The Hundley-Whaley Research Center showcased various presentations related to a variety of agricultural topics during its annual Twilight Tour on Tuesday, Aug. 27, at the Center in Albany. Precision agriculture, Japanese beetles and industrial hemp were just a few of the topics covered during the event.
A meal followed the two tour options, one that featured agronomic crop decisions and the other featuring industrial hemp and the Missouri wine industry.
“We had such great speakers throughout the evening,” said Superintendent Jennifer Miller. “I was happy that we were able to touch on so many important topics for our local farmers and producers.”
The agronomic crop decision tour took a look at a variety of issues affecting farmers and producers. Precision agriculture, Japanese beetles and agricultural markets were all featured. Andy Luke, a field specialist in agronomy for University of Missouri Extension, had a general crop discussion with the audience during the tour as well. Kevin Rice, an assistant professor in the Division of Plant Sciences; Bo Young, a climate activation specialist for Climate FieldView; and John Kruse, an associate Extension professor in the Division of Agricultural and Applied Economics; presented during the agronomic crop decision tour, too.
“The markets are always changing, so we wanted to have someone talk through those issues,” Miller said. “Japanese beetles continue to be a major pest, and precision agriculture is a hot topic that needs to be discussed. It was great to have such a variety during that tour.”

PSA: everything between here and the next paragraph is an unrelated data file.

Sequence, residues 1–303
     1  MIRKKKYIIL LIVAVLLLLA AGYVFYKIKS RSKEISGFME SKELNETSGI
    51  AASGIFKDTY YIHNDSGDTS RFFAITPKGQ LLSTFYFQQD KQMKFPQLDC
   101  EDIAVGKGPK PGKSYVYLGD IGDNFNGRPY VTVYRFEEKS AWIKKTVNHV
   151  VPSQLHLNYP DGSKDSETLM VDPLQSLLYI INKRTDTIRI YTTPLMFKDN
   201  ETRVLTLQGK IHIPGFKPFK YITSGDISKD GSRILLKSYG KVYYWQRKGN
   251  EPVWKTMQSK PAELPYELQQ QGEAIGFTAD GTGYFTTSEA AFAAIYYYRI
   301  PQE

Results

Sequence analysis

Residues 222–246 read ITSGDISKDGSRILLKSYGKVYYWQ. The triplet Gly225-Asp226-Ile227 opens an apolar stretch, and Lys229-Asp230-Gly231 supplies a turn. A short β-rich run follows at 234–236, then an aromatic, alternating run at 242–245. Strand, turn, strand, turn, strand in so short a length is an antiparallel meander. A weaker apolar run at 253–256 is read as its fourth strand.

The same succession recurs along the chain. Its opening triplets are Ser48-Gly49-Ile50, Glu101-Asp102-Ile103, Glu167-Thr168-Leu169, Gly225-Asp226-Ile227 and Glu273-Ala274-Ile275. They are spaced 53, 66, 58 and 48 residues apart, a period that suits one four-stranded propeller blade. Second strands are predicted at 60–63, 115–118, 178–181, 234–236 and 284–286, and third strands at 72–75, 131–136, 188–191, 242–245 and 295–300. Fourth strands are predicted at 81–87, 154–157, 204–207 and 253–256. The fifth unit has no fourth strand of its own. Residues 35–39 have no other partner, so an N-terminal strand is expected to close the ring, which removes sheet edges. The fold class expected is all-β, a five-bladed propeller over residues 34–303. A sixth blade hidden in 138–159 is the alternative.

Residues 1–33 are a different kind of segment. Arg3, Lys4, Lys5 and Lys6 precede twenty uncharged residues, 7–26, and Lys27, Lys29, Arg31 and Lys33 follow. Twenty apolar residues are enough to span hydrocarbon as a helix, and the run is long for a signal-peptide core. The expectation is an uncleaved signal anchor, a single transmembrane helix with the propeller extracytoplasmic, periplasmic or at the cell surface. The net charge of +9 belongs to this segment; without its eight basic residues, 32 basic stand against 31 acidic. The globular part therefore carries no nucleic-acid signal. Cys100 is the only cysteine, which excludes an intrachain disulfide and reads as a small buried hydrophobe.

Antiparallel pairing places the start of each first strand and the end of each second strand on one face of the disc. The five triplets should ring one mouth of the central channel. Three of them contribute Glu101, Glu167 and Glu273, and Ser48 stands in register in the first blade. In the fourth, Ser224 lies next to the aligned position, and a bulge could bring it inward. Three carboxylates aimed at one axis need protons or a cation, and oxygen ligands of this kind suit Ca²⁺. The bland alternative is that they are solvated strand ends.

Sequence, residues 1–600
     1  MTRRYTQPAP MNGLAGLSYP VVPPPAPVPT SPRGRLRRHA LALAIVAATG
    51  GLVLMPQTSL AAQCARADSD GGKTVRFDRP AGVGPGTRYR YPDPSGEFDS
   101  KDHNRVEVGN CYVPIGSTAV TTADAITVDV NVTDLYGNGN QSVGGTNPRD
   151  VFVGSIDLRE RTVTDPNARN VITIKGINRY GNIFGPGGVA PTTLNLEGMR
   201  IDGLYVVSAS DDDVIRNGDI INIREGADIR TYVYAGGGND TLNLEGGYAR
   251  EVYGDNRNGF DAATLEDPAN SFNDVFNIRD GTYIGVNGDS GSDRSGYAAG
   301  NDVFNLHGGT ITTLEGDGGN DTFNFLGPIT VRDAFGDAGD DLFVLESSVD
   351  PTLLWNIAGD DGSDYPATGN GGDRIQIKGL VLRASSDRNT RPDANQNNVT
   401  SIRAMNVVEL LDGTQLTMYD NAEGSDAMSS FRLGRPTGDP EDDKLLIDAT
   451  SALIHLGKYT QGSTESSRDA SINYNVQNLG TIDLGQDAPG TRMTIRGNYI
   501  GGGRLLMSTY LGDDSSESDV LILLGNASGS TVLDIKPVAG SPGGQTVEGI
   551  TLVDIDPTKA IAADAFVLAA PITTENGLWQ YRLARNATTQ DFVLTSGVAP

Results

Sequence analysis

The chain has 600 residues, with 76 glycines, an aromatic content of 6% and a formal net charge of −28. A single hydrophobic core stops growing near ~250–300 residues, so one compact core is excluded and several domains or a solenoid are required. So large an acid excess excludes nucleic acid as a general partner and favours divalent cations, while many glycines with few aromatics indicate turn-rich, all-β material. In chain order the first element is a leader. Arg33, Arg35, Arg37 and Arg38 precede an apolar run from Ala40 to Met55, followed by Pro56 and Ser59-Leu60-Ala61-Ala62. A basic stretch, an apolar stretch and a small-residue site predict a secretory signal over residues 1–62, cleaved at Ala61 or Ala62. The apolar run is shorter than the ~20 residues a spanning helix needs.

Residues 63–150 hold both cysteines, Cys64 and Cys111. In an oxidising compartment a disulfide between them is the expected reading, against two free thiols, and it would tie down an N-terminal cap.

Patrick Van Meter and Rich Selby, both with the Tiger Fiber Hemp Company, talked about the industrial hemp being grown at the Hundley-Whaley Research Center, as well as at the other MU College of Agriculture, Food and Natural Resources’ Agricultural Research Centers. Alan Freeman, hemp program administrator at the Missouri Department of Agriculture, also discussed industrial hemp in Missouri. Dean Volenberg, an assistant Extension professor in the Division of Plant Sciences, talked through growing grapes and the Missouri wine industry in general.
“All of our speakers brought important information for our attendees,” Miller said. “We had some unique topics, which is important for our audience. We want to showcase all aspects of agriculture.”
For a closer look at the Hundley-Whaley Research Center field day, visit: flickr.com/photos/cafnr/albums/72157710593839461.